The aim of the study was to analyze the institution's experience in ultrasound-guided liver biopsies performed on children and identify risk factors for complications, following a previous study performed in our institution.Methods:
Retrospective analysis of a consecutive series of ultrasound-guided pediatric liver biopsies, between 2011 and 2016. Demographic and anthropometric data, biopsy indications, international normalized ratio (INR) and platelet count, biopsy technique, complications, and pathologic outcomes were recorded.Results:
A total of 228 procedures were performed on 203 children with a median age of 9.25 years (range: 0.08–18.42): 107 girls (47%) and 121 boys (53%). One hundred twenty-seven biopsies were performed on transplanted livers (55.7%) and 101 on native livers (44.3%). There were 27 cases with immediate complications (11.84%), all due to minor bleeding. There were no major complications. Increasing needle passes were shown to be a reliable predictor for bleeding (P = 0.0023), whereas transplanted livers predicted protection against bleeding (P = 0.0007). Age younger than 3 years, bodyweight <16 kg, platelet count <70 g/L and INR >1.25 revealed association with increased bleeding incidence, but no predictive value.Conclusion:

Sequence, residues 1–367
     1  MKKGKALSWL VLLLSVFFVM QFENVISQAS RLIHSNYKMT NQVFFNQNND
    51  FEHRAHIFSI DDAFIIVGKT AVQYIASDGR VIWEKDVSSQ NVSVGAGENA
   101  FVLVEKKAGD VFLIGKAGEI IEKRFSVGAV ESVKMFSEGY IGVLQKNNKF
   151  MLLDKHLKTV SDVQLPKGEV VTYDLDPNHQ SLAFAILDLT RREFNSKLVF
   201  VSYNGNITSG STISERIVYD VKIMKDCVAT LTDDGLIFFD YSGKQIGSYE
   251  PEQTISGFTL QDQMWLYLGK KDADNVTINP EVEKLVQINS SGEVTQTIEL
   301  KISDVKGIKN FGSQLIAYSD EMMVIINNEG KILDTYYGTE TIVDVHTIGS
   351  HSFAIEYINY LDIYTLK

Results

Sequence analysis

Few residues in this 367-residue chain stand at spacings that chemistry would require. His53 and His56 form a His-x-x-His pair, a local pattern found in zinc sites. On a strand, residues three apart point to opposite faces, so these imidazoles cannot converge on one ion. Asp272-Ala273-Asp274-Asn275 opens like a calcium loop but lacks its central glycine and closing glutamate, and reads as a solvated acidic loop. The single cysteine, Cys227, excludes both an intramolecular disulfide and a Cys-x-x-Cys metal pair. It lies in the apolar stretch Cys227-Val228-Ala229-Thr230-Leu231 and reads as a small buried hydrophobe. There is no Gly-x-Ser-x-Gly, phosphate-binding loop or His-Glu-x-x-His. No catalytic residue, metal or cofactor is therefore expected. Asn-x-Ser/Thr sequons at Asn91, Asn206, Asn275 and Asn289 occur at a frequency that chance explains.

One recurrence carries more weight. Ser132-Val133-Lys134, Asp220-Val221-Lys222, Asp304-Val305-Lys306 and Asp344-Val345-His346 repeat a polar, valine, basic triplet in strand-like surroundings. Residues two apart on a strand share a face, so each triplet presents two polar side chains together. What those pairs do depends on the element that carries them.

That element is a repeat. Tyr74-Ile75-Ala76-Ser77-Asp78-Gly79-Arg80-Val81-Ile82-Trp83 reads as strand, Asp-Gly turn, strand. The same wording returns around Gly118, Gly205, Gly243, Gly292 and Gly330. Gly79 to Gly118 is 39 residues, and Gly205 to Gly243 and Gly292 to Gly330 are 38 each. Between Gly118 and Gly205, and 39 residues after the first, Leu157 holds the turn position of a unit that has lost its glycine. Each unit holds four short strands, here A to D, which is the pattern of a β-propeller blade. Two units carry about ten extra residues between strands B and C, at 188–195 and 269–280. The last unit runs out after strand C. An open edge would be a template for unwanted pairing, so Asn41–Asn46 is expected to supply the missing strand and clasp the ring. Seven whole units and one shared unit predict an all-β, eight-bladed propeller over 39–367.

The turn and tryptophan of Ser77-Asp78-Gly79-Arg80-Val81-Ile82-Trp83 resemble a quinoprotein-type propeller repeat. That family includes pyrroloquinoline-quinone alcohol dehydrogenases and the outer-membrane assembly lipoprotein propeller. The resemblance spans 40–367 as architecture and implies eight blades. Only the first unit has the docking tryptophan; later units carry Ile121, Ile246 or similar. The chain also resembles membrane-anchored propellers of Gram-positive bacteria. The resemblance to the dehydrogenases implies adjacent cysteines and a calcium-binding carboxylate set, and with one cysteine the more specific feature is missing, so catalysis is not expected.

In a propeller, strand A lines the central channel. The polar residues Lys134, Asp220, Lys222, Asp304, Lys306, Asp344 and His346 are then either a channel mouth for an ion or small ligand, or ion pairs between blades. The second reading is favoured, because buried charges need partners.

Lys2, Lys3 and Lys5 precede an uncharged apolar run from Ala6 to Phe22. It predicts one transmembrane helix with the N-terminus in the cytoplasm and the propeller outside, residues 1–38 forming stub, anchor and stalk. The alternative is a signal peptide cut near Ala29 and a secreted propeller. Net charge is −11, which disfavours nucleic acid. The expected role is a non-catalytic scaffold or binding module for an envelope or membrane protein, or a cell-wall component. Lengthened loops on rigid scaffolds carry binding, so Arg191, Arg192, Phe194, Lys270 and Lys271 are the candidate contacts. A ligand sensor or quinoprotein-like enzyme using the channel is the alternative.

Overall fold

Ultrasound-guided liver biopsies in pediatric age are a safe procedure with a high diagnostic yield. Increasing the number of needle passes predicts a higher incidence of minor bleeding. Other factors to account for minor bleeding risk may include age younger than 3 years, bodyweight <16 kg, platelet count <70 G/L, and INR >1.25. Transplanted livers present a lower bleeding risk.